Patients with chronic diseases display increased expression of gene that facilitates SARS-CoV-2 infection
April 15, 2020
By Karina Toledo | Agência FAPESP – A study conducted at the University of São Paulo (USP) in Brazil can help understand why the mortality rate from COVID-19 is higher among people with chronic health problems such as high blood pressure, diabetes, or chronic obstructive pulmonary disease (COPD).
According to an article on the study published on MedRxiv.org, alterations in the patient’s metabolism caused by these diseases can trigger a series of biochemical events that lead to increased expression of the gene ACE-2, which encodes a protein to which the virus binds in order to infect lung cells.
“Our hypothesis is that owing to increased expression of ACE-2 and other genes that facilitate infection by SARS-CoV-2, such as TMPRSS2 and FURIN, these patients have more infected cells and are therefore more severely stricken by the disease. However, this hypothesis must be confirmed by experimental studies,” Helder Nakaya, a professor in the School of Pharmaceutical Sciences (FCF-USP) and principal investigator for the project supported by FAPESP, told Agência FAPESP.
He said the findings can help identify molecular targets for future drug development.
According to Nakaya, the gene ACE-2 expresses the messenger RNA that regulates production of angiotensin-converting enzyme 2, which acts as a vasodilator and is part of the renin-angiotensin-aldosterone system, a hormone system that governs blood pressure.
“After the 2003 outbreak of SARS [severe acute respiratory syndrome], scientists discovered the key role played by the gene ACE-2 in enabling the virus [SARS-CoV-2] to enter human cells. The same applies to the novel coronavirus. For this reason we decided to investigate whether expression of this gene is altered in patients with chronic diseases,” said Nakaya, who is also affiliated with the Center for Research on Inflammatory Diseases (CRID), a Research, Innovation and Dissemination Center (RIDC) funded by FAPESP and hosted by the University of São Paulo’s Ribeirão Preto Medical School (FMRP-USP).
The first step in the investigation was a search of Medline, a bibliographic database of life sciences and biomedical information from almost 5,000 journals published in more than 70 countries, maintained by the US National Library of Medicine (NLM), to scan for scientific articles on the diseases of interest to the group, including COPD, hypertension, diabetes, cardiovascular disorders, lung cancer, chronic renal insufficiency, autoimmune diseases, pulmonary fibrosis, asthma, and pulmonary hypertension.
“We identified 8,700 articles. It wouldn’t have been feasible to read all of them, so we used a text mining tool to screen out everything except articles containing information on the genes involved in these diseases. The set of genes at which we arrived included ACE-2,” Nakaya explained.
The researchers then re-analyzed data relating to the transcriptome (all RNA molecules expressed by the human genome) of over 700 lung samples available in public repositories such as the Gene Expression Omnibus (GEO).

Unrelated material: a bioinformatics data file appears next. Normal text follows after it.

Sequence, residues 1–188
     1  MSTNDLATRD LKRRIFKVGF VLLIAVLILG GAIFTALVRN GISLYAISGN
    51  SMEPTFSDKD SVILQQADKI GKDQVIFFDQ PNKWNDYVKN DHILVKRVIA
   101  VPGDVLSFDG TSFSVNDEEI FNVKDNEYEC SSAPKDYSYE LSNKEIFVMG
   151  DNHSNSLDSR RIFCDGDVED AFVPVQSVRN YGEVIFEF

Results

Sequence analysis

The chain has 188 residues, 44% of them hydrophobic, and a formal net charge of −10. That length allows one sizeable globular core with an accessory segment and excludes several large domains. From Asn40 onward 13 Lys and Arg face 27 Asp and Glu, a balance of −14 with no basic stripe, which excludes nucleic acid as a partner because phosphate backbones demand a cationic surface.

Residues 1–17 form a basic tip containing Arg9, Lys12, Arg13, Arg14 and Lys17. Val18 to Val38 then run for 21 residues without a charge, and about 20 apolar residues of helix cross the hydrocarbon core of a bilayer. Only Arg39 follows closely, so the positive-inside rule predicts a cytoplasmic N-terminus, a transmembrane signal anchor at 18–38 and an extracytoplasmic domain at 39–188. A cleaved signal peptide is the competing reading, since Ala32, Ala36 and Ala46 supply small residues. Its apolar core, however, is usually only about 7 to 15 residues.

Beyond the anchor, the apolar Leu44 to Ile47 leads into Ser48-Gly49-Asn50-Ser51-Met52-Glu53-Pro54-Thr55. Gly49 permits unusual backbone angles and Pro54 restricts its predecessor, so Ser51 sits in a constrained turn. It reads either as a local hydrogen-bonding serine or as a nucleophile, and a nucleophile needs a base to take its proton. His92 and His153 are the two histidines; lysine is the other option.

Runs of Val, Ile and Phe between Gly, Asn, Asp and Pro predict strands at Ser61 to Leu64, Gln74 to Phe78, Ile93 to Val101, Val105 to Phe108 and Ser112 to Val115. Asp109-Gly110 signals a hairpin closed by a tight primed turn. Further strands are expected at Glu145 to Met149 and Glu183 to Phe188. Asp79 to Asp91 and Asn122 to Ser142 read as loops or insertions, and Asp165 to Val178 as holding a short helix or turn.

“This is free-to-access data collected in previous studies,” Nakaya said. “We compared the gene expression profiles of patients with chronic diseases that affect the lungs with those of healthy people, who served as controls. We also compared the profiles of smokers and non-smokers. The focus was on the lungs of people who were not infected by the novel coronavirus but had diseases that made them susceptible to severe manifestations of COVID-19. We wanted to understand the differences.”
The meta-analysis showed expression of ACE-2 to be significantly increased in the diseases, Nakaya said.
The next step was to find out which other genes had expression profiles that were similar to that of ACE-2 or the reverse. “This kind of correlation analysis helps orient hypotheses, although it doesn’t establish causality. Instead of looking at 500 genes, we can concentrate on eight genes with expression profiles that correlate with the gene of interest, and in future do experiments to see what happens when they are inhibited or stimulated,” Nakaya said.
The group then realized that the expression profiles of samples with increased expression of ACE-2 also displayed certain enzymes capable of modifying the functioning of histones, a type of protein found in cell nuclei that binds to DNA and helps control the activity of genes. In scientific jargon this phenomenon is known as epigenetic modification (when gene expression patterns change without any change in DNA).
“Our findings suggest these chronic diseases change the organism’s epigenetic program. We don’t know exactly how, but it seems they make these enzymes more active and thereby increase expression of ACE-2, favoring infection of lung cells by SARS-CoV-2,” Nakaya said.
The discovery could lead to the development of compounds that inhibit the activity of some of these histone-modifying enzymes and modulate expression of ACE-2 to protect the lungs, he added.
The article “ACE2 expression is Increased in the lungs of patients with comorbidities associated with severe COVID-19” can be read in preprint (not yet peer reviewed) at: www.medrxiv.org/content/10.1101/2020.03.21.20040261v1.
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